# 2D tracer transport¶

This demo shows how the Firedrake DG advection equation demo can be implemented in Thetis.

The test case is the classic cosine-bell–cone–slotted-cylinder advection test case of [LeV96]. The domain is the unit square $$\Omega=[0,1]^2$$ and the velocity corresponds to the solid body rotation $$\vec{u} = (0.5 - y, x - 0.5)$$.

As usual, we start by importing Thetis.

from thetis import *


Define a 40-by-40 mesh of squares.

mesh2d = UnitSquareMesh(40, 40, quadrilateral=True)


We will solve a pure advection problem in non-conservative form, with no hydrodynamics. Therefore, bathymetry is not actually important. We set an arbitrary postive value, as this is required by Thetis to construct the solver object.

P1_2d = FunctionSpace(mesh2d, "CG", 1)
bathymetry2d = Function(P1_2d)
bathymetry2d.assign(1.0)
solver_obj = solver2d.FlowSolver2d(mesh2d, bathymetry2d)


To activate the tracer functionality of the 2D model, we need to add tracer fields. This is done using the ModelOptions2d.add_tracer_2d method.

The ‘label’ identifies the field inside Thetis. It should not contain spaces and typically ends with ‘_2d’ for 2D problems. The ‘name’ exists for users to identify the field and may contain spaces. It will appear in the colourbar of any vtk outputs. Finally, the ‘filename’ is used when storing outputs, so cannot contain spaces. The usual Thetis convention is to use CamelCase with a trailing ‘2d’.

Source terms and diffusivity coefficients should also be provided through this interface. We have a pure advection problem with no diffusivity or source terms. However, such terms can be specified by replacing the None values below.

options = solver_obj.options
labels = ['tracer_2d']
names = ['Depth averaged tracer']
filenames = ['Tracer2d']
options.fields_to_export = labels
for label, name, filename in zip(labels, names, filenames):


As mentioned above, we are only solving the tracer equation, which can be specified by setting tracer_only = True.

options.tracer_only = True


We will run for time $$2\pi$$ – a full rotation – using a strong stability preserving third order Runge-Kutta method (SSPRK33). For consistency with the Firedrake demo, Thetis’ automatic timestep computation functionality is switched off and the simulation time is split into 600 steps, giving a timestep close to the CFL limit.

options.tracer_timestepper_type = 'SSPRK33'
options.timestep = pi/300.0
options.simulation_end_time = 2*pi
options.simulation_export_time = pi/15.0
options.tracer_timestepper_options.use_automatic_timestep = False


For consistency with the Firedrake demo, we do not use stabilization or slope limiters, both of which are used by default in Thetis. Slope limiters are used to obtain non-oscillatory solutions.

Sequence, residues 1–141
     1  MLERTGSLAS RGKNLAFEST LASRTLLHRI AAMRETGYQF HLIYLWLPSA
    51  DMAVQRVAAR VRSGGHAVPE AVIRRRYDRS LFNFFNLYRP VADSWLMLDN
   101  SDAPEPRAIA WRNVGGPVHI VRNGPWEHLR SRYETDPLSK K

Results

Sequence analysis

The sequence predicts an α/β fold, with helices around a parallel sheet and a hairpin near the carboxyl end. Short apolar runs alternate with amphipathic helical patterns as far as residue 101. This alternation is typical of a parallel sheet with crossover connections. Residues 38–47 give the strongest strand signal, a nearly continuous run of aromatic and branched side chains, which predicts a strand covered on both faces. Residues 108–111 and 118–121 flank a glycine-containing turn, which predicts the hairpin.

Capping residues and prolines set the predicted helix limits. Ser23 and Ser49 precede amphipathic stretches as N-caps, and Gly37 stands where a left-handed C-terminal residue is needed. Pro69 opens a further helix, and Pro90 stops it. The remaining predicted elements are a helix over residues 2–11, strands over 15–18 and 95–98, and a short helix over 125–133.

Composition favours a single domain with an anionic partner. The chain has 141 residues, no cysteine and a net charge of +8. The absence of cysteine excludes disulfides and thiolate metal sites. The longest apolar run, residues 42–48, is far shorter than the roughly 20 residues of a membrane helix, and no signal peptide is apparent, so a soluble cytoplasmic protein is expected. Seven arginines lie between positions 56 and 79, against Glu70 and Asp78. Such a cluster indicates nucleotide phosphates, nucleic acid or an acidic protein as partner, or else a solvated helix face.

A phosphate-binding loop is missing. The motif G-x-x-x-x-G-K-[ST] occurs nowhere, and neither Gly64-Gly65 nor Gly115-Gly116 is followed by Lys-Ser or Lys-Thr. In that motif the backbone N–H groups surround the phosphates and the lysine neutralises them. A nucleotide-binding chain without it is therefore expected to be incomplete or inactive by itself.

options.use_lax_friedrichs_tracer = False
options.use_limiter_for_tracers = False


The background tracer value is imposed as an upwind inflow condition. In general, this would be a Function, but here we just use a Constant value.

solver_obj.bnd_functions['tracer_2d'] = {'on_boundary':  {'value': Constant(1.0)}}


The velocity field is set up using a simple analytic expression.

vP1_2d = VectorFunctionSpace(mesh2d, "CG", 1)
x, y = SpatialCoordinate(mesh2d)
uv_init = interpolate(as_vector([0.5 - y, x - 0.5]), vP1_2d)


Now, we set up the cosine-bell–cone–slotted-cylinder initial condition. The first four lines declare various parameters relating to the positions of these objects, while the analytic expressions appear in the last three lines. This code is simply copied from the Firedrake version of the demo.

bell_r0 = 0.15; bell_x0 = 0.25; bell_y0 = 0.5
cone_r0 = 0.15; cone_x0 = 0.5; cone_y0 = 0.25
cyl_r0 = 0.15; cyl_x0 = 0.5; cyl_y0 = 0.75
slot_left = 0.475; slot_right = 0.525; slot_top = 0.85

bell = 0.25*(1+cos(pi*min_value(sqrt(pow(x-bell_x0, 2) + pow(y-bell_y0, 2))/bell_r0, 1.0)))
cone = 1.0 - min_value(sqrt(pow(x-cone_x0, 2) + pow(y-cone_y0, 2))/cone_r0, 1.0)
slot_cyl = conditional(sqrt(pow(x-cyl_x0, 2) + pow(y-cyl_y0, 2)) < cyl_r0,
conditional(And(And(x > slot_left, x < slot_right), y < slot_top),
0.0, 1.0), 0.0)


We then declare the inital condition, q_init, to be the sum of these fields. Furthermore, we add 1 to this, so that the initial field lies between 1 and 2, rather than between 0 and 1. This ensures that we can’t get away with neglecting the inflow boundary condition. We also save the initial state so that we can check the $$L^2$$-norm error at the end.

q_init = interpolate(1.0 + bell + cone + slot_cyl, P1_2d)
solver_obj.assign_initial_conditions(uv=uv_init, tracer_2d=q_init)


Now we are in a position to run the time loop.

solver_obj.iterate()


Finally, we display the normalised $$L^2$$ error, by comparing to the initial condition.

q = solver_obj.fields.tracer_2d
L2_err = sqrt(assemble((q - q_init)*(q - q_init)*dx))
L2_init = sqrt(assemble(q_init*q_init*dx))
print_output(L2_err/L2_init)


This tutorial can be dowloaded as a Python script here.

References

LeV96

Randall J. LeVeque. High-Resolution Conservative Algorithms for Advection in Incompressible Flow. SIAM Journal on Numerical Analysis, 33(2):627–665, 1996. doi:10.1137/0733033.